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Dustin Pedroia soaks in Red Sox celebration from sidelines

Dustin Pedroia turns at second to force Austin Jackson and fires to first to complete a double play in the fifth.

STAN GROSSFELD/GLOBE STAFF

Dustin Pedroia turns at second to force Austin Jackson and fires to first to complete a double play in the fifth.

As the postgame awards ceremony took place on the field, Kelli Pedroia turned to her husband and said, “Get up there. You should go up there.” But Dustin Pedroia shook his head. He preferred to watch his teammates on the Fenway Park stage from about 20 feet away, nearly swallowed by a crowd of reporters and his teammates’ families. With his 13-month-old son Cole in his arms, Pedroia watched Koji Uehara accept the ALCS MVP and David Ortiz give his celebratory speech.

“The fun part for me is watching all the guys,” said Pedroia. “We worked so hard and I’m proud of everybody. I kind of want to sit back and watch everybody.”

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When the ceremony ended, Ortiz shouted at Pedroia, “Let’s go, bro.” And Pedroia dutifully sprinted off the field, into the dugout and through the clubhouse doors. Inside the Red Sox locker room, Pedroia, wearing goggles and a protective helmet, joined the celebration. With his beard dripping champagne, he reflected on the Red Sox American League Championship Series-clinching 5-2 win over the Detroit Tigers in Game 6, the Red Sox regular season, and the upcoming World Series against the Cardinals.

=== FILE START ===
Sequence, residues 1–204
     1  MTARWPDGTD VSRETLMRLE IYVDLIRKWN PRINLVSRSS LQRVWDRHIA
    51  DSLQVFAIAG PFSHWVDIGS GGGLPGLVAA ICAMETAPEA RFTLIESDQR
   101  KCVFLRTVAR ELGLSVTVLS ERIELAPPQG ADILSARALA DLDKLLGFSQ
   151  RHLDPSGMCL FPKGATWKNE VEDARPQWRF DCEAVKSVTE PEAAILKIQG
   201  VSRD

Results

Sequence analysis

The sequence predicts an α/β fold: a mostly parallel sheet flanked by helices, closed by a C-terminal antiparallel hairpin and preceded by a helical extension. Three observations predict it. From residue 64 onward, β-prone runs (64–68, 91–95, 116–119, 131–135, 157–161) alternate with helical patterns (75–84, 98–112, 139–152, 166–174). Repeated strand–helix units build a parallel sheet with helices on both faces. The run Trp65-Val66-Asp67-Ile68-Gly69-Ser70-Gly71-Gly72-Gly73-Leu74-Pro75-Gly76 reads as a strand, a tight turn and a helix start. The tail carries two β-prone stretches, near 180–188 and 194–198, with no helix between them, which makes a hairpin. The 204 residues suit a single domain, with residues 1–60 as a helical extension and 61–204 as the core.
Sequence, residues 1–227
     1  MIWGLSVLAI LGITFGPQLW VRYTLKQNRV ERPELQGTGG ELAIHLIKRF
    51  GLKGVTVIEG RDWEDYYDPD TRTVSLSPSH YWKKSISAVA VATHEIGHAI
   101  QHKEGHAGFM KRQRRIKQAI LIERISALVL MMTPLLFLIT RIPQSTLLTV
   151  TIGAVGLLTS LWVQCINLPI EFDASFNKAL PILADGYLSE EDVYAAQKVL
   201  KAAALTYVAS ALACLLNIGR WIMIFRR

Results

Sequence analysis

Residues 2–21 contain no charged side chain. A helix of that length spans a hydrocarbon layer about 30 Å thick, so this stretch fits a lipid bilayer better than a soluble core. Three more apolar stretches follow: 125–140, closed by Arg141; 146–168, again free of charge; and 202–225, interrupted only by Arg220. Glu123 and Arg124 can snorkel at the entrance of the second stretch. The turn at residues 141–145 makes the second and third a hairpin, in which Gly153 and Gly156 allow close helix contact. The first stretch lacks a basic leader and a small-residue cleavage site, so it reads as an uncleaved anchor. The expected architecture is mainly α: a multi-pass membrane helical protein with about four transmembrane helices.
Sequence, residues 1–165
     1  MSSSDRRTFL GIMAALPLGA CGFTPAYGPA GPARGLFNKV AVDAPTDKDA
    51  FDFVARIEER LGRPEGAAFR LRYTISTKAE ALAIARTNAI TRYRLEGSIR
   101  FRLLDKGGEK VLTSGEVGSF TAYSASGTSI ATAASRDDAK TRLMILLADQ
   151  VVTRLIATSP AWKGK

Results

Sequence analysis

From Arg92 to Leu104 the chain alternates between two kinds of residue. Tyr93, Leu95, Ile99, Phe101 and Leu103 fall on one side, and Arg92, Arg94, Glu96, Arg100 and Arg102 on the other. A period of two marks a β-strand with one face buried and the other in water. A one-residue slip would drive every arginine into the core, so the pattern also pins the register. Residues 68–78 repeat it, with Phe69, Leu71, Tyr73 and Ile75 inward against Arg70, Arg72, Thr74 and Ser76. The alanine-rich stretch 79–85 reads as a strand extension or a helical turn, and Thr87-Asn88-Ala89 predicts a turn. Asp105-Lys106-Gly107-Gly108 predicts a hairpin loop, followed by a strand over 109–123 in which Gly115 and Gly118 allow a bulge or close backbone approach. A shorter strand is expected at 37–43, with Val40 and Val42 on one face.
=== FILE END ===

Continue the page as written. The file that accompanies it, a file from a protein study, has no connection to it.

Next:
“We’re going to the World Series and nobody saw this coming,” said Pedroia. “That’s what’s so special about it. The guys have been through a lot here. So, we’ve just tried to find a way to play good baseball and believe in each other. And we’ve done that.”

Pedroia said the Sox wanted to advance to the World Series in six games.

“It was a big game,” said Pedroia, who went 1 for 3 with a walk and a strikeout. “We didn’t want to face Justin Verlander in Game 7. And we knew Max [Scherzer] was going to be on his game. We were just trying to find a way to win this one. We were trying to be aggressive, but he was locating the ball so good. They’ve got a great team. Our guys played well. We did the little things to win. That’s why we won the series.”

Pedroia almost recorded a storybook moment in the third inning and nearly seized the main spotlight. Instead, Red Sox fans saw replays of Carlton Fiske waving his 1975 World Series homer into fair territory and wished it was the same for Pedroia. But it was the opposite. Pedroia took a fastball in the high-90s from Scherzer and launched it to left field over the Green Monster. Running down the first base line, Pedroia tried to wave the ball fair, but no luck. It was foul by inches.

In fact, the ball passed so close to the left field foul pole that its shadow could be seen on the pole’s yellow surface. It was so close Sox manager John Farrell requested the umpires review the play. It remained a long foul ball and the Sox’ dreams of an early 3-0 lead vanished with the ruling.

The at-bat finished with Pedroia grounding into a double play.

With every clap, every shout of encouragement, Pedroia appeared ready to will the Red Sox to victory. He was part cheerleader, part player.

“I just try to impact the game,” said Pedroia. “We’re trying to win, man. Nobody cares about what they do personally. It’s about the team. Nobody remembers what David hit in 2007 when we won the World Series.

“They just know they won the World Series. That’s how you’ve got to look at it. We’re all here together. We’re trying to play the game right and win.”

For that reason, Pedroia took special delight in Shane Victorino’s game-winning grand slam in the seventh off reliever Jose Veras.

“Vic’s swing was obviously the big blow,” said Pedroia. “I wanted to run around with him. I had a great view. He took a great swing. For Vic to stay back like that and drive it was unbelievable.”

And then, Pedroia looked around the clubhouse and went back to soaking in the celebratory moment.

Shira Springer can be reached at springer@globe.com.
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